by kdog on Fri Apr 27, 2007 at 02:32:03 PM EST
    of all the war's cheerleaders....their war support just has to be for political reasons since there are no logical reasons to support it that I can see.

    BTW..I shouldn't even be calling it a war...its an occupation now and has been for some time.


    Waiting for (5.00 / 1) (#9)
    by jondee on Fri Apr 27, 2007 at 01:13:09 PM EST
    your long critique of those that have continually characterized opponents of the as "America haters", "terrorist enablers", "anti-semites", "Bin Ladens favorite candidate" etc etc

    In the meantime, in the war of words, you're probobly going to keep getting sauce-for-the-chickenhawk on your face.

    Sloppy (1.00 / 1) (#12)
    by Gabriel Malor on Fri Apr 27, 2007 at 02:06:05 PM EST
    jondee, why should I be held responsible for a "long critique" of those people. Their words speak for themselves.

    But since you insist that I be the one to discuss their issues, you can see what I wrote about it here in #10 responding to a question similar to your comment.


    Chickenhawks (5.00 / 2) (#10)
    by squeaky on Fri Apr 27, 2007 at 01:15:54 PM EST
    Were this not a scam war but a Moral war that was about defending America and not just a luxury lifestyle chickenhawk would not enter into the discussion.

    The great  majority of soldiers fighting this war are not doing so because they are poor and this is a chance for upward mobility. The fat cats sitting on their couches fanning the flames of war in their climate controlled luxury chambers have nothing to lose, except maybe higher prices to fill their SUVs.

    That is a disgusting moral position. Chickenhawk is right on target, if not a mild epithet for those urging their less fortunate countryfolk to their deaths. The majority of those that have the fortune to come out alive will be scarred for life.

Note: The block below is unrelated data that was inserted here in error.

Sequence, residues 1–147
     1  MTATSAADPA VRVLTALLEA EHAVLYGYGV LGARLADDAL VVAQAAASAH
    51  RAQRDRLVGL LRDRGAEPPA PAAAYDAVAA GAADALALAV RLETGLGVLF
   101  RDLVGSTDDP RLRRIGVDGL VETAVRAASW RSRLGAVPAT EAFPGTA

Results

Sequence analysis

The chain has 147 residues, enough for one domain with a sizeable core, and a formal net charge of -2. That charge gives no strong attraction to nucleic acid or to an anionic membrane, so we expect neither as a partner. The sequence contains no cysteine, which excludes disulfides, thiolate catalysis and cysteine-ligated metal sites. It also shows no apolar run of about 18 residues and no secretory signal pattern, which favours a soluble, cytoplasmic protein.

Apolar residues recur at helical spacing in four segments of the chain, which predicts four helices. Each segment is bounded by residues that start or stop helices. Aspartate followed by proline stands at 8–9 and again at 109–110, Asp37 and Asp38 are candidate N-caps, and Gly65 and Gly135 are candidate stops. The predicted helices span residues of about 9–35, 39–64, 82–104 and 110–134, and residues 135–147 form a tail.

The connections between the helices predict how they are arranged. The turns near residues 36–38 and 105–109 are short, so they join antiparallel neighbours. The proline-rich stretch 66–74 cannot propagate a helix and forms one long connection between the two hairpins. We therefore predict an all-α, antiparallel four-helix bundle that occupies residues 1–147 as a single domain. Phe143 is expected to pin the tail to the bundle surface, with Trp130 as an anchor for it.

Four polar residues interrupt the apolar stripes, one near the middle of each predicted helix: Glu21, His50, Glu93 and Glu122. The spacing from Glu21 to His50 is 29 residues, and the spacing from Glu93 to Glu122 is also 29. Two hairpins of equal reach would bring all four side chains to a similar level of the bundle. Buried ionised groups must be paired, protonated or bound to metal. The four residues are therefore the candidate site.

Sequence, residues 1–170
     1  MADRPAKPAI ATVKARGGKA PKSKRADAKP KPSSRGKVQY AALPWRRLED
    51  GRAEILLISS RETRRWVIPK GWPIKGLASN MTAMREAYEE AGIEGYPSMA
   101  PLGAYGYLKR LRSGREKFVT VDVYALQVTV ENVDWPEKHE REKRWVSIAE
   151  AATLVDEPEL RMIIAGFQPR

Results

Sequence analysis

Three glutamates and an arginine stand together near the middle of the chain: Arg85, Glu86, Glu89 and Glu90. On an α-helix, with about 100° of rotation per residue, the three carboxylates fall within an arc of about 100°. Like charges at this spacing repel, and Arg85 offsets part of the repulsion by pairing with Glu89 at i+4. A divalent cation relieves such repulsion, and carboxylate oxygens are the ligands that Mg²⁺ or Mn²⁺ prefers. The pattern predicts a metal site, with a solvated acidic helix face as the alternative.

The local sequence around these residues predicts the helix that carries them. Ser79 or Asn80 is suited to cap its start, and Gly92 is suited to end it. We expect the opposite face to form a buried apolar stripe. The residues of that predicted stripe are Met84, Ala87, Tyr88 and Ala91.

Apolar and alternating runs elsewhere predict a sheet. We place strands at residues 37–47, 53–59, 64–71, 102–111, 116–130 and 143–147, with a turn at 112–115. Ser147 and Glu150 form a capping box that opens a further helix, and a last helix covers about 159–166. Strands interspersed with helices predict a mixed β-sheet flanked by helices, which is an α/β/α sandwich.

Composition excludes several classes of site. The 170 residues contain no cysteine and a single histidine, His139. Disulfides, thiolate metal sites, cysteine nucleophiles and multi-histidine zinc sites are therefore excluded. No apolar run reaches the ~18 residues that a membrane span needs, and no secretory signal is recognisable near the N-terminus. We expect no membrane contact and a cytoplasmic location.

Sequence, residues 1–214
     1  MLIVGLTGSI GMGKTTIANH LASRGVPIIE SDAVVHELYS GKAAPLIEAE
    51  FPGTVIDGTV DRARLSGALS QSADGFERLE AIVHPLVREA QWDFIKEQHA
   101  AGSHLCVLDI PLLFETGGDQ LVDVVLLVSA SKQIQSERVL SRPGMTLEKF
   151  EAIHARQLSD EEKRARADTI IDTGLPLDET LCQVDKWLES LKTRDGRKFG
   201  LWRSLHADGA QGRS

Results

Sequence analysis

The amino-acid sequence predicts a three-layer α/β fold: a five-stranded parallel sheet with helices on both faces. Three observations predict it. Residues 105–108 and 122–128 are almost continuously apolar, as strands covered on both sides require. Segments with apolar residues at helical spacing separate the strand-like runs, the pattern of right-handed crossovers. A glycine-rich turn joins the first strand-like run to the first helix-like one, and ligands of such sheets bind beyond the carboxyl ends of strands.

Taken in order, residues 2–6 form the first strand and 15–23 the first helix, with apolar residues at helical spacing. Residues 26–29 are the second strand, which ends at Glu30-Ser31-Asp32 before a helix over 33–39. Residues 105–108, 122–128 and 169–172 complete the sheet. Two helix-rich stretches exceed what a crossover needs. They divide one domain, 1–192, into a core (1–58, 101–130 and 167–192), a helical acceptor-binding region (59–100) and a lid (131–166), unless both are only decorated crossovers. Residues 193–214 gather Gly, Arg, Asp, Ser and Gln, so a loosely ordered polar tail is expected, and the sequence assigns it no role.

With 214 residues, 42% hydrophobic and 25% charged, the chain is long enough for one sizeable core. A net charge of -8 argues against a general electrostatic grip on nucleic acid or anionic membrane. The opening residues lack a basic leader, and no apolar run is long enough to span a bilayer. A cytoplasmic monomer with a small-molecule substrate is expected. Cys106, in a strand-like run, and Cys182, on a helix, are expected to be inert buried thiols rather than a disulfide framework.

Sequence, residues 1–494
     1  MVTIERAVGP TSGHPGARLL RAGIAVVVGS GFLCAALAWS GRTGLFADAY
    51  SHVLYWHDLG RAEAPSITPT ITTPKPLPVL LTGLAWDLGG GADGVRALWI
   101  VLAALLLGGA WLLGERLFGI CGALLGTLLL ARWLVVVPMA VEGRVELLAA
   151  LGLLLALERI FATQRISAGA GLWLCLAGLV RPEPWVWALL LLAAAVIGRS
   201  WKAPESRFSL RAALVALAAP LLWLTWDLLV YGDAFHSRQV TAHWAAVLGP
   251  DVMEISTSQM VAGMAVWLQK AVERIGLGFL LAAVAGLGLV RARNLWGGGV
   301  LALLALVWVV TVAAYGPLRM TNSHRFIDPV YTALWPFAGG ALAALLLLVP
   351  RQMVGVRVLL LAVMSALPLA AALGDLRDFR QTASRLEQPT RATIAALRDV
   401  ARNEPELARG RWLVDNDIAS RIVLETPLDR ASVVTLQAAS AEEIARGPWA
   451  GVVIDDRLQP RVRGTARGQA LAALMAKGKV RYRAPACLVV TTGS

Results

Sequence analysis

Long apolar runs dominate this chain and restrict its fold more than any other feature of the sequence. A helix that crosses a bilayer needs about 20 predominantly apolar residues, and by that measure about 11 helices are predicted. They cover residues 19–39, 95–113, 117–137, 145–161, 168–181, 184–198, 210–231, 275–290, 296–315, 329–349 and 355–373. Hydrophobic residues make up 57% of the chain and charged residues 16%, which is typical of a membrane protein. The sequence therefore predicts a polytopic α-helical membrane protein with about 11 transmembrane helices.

Believing in the war and doing nothing to fight it is cowardly and sadistic at best.

    Btw (5.00 / 1) (#11)
    by jondee on Fri Apr 27, 2007 at 01:18:08 PM EST
    "Chickenhawk" also has alot to do with one classes historical tendency to expect and coerce another to do it's dirty work. Or, hadnt you ever noticed?

    Gabe (5.00 / 1) (#23)
    by Che's Lounge on Fri Apr 27, 2007 at 06:52:32 PM EST
    The first part of your comment was innacurate. Therefore, I did not bother to read the rest.

    Regarding Chickenhawks:

    The idea is that those who aren't themselves in the military (or willing to "send" their presumably adult children to war) have no right to an opinion about the war.

    This is not the definition of a chickenhawk.

    A chickenhawk is a person who, in the past or present, has deliberately avoided volunteering for service during armed conflict, even though able bodied, yet continues to advocate war, carries out national policy to initiate war, and labels those who oppose the war as unpatriotic (see hypocrisy). No one ever said they don't have a right to an opinion about the war.

    Aight. (none / 0) (#24)
    by Gabriel Malor on Fri Apr 27, 2007 at 07:28:01 PM EST
    Che, Repack Rider's "Enlist or STFU" suggests that the use of the epithet is otherwise. The phrase has been used all over the blogosphere to silence war supporters.

    But let's assume you're right. It's still a crappy argument for the very reason you point out. Calling chickenhawk is the same thing as calling "hypocrite."

    I'm sure you're familiar with the ad hominem tu quoque and its logical deficiencies; I have mentioned it before.


    Epithets, insults, name-calling & ad hominem (5.00 / 1) (#25)
    by walt on Sat Apr 28, 2007 at 03:00:17 AM EST
    This discussion is hilarious.  Chickenhawk. GOoPer. Rethuglican. Rightwingnut. Fundagelical. Tool. Twit. Twerp. Wuss. And billions & billions of expletives.

    Truman, Harry S.  Capt. US Army & Lt.Col. US Army Reserve. President.  "If you can't stand the heat, get out of the kitchen."

    En garde.  This website condemns & deletes comments that use profanity, which deserve deletion.  OK.  But if you want to play on the internet, you should be prepared for me to call you a cowardly, sniveling, frightened, wussy, chickenhawk.  Time to grow up, tinkerbell.